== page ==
- Wall colour: Whether you’ve got your own place or you’re renting, you can play around with wall colour. For those who own a home, try one of the many free virtual reality (VR) decorating apps. All you need to do is take a photo of the room you want to redecorate and add colours to see which one you’d like most. For the renters of the world, a great alternative is to use temporary wallpaper. You can also use a VR app to decide the kind of wallpaper that you like and hop on the internet to buy some.
- Change lightbulbs from bright white to warm yellow: It seems like a small step, but it makes a huge difference. White light shows up all the lumps and bumps you don’t want to see, while warm light is more natural and makes for a cosy space that guides your eyes to the things you’re most proud of.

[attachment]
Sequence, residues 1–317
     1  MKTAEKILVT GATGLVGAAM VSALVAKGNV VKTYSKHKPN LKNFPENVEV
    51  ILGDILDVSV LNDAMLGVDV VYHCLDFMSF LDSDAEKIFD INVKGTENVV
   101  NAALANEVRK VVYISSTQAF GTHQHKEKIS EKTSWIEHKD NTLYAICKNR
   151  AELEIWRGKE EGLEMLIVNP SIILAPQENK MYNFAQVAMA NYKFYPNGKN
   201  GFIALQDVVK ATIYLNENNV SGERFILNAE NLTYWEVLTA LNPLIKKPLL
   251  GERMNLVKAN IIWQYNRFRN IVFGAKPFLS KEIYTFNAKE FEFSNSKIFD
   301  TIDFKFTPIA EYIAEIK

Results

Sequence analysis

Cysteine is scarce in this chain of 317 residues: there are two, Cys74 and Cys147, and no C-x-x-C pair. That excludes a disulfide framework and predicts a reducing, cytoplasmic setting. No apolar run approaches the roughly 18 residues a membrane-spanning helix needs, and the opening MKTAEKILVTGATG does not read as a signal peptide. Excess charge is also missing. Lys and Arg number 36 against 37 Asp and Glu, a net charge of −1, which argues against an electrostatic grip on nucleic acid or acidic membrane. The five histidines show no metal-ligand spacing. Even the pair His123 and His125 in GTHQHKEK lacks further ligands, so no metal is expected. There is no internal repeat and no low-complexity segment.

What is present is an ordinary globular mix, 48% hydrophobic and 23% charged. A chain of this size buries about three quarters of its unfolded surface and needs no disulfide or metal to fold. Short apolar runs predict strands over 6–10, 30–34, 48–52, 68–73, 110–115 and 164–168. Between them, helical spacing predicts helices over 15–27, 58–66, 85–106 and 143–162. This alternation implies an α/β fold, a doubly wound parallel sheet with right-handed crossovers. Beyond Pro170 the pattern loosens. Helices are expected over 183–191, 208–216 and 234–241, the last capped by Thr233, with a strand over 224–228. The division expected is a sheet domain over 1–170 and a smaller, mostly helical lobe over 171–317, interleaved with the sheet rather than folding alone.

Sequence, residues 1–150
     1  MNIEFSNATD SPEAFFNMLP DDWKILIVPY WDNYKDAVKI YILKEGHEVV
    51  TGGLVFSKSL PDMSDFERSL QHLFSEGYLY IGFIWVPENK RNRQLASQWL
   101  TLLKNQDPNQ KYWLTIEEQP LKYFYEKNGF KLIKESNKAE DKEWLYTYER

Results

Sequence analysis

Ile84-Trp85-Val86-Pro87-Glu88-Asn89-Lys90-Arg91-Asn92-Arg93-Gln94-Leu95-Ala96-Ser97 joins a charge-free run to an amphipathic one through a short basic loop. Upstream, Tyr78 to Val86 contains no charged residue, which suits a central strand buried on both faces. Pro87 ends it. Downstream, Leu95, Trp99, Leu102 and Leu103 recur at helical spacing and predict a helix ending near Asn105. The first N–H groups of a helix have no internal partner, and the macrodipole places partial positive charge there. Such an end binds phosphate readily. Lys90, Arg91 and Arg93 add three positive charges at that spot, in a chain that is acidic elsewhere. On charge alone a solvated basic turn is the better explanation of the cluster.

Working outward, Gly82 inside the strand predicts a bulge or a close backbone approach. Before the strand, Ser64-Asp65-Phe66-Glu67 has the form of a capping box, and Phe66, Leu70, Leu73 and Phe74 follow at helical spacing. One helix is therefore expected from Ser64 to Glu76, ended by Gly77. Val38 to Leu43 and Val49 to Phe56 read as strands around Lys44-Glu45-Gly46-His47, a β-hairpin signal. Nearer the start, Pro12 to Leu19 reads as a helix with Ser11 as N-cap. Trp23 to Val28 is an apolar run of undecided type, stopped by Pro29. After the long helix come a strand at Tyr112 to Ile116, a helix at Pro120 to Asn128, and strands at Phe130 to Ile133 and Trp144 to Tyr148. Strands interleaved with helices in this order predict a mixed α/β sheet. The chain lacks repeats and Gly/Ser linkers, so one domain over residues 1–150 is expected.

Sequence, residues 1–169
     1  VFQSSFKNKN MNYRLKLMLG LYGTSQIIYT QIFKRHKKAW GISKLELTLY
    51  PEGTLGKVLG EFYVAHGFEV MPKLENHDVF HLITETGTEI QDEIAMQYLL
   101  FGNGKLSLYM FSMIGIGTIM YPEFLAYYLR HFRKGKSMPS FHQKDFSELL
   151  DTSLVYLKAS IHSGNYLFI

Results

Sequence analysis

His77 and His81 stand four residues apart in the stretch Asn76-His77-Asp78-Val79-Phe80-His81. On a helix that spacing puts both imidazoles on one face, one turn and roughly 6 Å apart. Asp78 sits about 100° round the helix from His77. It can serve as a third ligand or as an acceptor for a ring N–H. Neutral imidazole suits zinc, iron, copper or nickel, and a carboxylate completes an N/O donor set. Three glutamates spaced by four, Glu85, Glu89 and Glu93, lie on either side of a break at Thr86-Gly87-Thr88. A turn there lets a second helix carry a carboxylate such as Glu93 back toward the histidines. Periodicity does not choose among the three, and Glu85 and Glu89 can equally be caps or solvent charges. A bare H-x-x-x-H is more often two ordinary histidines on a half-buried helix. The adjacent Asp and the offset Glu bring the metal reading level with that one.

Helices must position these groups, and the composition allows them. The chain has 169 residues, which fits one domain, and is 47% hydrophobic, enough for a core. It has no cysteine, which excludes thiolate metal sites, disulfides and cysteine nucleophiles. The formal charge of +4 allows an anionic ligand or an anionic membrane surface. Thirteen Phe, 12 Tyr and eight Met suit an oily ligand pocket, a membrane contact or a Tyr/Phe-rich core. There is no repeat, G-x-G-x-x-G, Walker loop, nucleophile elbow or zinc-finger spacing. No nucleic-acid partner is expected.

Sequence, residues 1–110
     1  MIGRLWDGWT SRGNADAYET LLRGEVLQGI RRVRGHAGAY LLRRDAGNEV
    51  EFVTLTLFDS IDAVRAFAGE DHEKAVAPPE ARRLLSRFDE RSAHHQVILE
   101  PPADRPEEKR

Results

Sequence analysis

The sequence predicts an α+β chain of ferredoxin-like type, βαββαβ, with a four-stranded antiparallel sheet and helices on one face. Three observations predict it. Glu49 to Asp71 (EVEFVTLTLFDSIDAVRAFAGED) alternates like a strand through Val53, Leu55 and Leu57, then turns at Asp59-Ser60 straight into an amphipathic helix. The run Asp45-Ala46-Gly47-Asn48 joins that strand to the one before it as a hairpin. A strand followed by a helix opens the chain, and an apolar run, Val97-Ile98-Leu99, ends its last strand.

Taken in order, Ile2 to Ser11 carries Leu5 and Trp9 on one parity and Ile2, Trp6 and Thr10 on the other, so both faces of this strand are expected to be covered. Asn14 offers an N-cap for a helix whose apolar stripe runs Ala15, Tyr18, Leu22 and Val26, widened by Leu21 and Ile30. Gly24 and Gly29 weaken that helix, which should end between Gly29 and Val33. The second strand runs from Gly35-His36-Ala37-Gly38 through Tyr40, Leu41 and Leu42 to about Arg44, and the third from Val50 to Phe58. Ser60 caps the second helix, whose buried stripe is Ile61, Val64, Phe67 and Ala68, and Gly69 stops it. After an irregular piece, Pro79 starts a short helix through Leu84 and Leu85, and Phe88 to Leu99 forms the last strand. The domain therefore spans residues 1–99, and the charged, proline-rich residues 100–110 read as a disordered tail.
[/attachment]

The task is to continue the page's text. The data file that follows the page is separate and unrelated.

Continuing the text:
- Make space: An uncluttered space can give you a sense of clarity and calm, which we all need at the moment. While you’re doing your wardrobe swap from winter to summer, make a heap of clothes that don’t fall into either seasons and put aside to send to charity, recycle or to throw away. Now do the same throughout your home, moving from room to room, even the bathroom; we hoard so many beauty products or half full bottles of shampoo. Just make sure you’re giving to charity and recycling where you can. Have a look at Sophie Surridge’s tips for interior styling.